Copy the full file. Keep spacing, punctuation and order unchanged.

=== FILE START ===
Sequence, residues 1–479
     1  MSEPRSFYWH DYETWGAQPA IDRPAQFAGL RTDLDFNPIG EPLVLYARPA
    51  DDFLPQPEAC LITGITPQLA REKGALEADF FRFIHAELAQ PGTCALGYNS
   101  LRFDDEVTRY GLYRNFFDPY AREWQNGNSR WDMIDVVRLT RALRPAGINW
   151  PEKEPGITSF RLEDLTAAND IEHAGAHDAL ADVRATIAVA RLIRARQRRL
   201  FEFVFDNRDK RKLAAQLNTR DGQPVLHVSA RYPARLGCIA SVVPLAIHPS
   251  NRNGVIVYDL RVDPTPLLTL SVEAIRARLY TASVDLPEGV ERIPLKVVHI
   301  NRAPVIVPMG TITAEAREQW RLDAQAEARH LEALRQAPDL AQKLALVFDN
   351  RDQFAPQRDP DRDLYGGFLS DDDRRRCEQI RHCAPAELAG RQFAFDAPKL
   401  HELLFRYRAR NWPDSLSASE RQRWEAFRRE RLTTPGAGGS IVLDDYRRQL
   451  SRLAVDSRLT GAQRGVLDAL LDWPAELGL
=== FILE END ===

Sequence, residues 1–479
     1  MSEPRSFYWH DYETWGAQPA IDRPAQFAGL RTDLDFNPIG EPLVLYARPA
    51  DDFLPQPEAC LITGITPQLA REKGALEADF FRFIHAELAQ PGTCALGYNS
   101  LRFDDEVTRY GLYRNFFDPY AREWQNGNSR WDMIDVVRLT RALRPAGINW
   151  PEKEPGITSF RLEDLTAAND IEHAGAHDAL ADVRATIAVA RLIRARQRRL
   201  FEFVFDNRDK RKLAAQLNTR DGQPVLHVSA RYPARLGCIA SVVPLAIHPS
   251  NRNGVIVYDL RVDPTPLLTL SVEAIRARLY TASVDLPEGV ERIPLKVVHI
   301  NRAPVIVPMG TITAEAREQW RLDAQAEARH LEALRQAPDL AQKLALVFDN
   351  RDQFAPQRDP DRDLYGGFLS DDDRRRCEQI RHCAPAELAG RQFAFDAPKL
   401  HELLFRYRAR NWPDSLSASE RQRWEAFRRE RLTTPGAGGS IVLDDYRRQL
   451  SRLAVDSRLT GAQRGVLDAL LDWPAELGL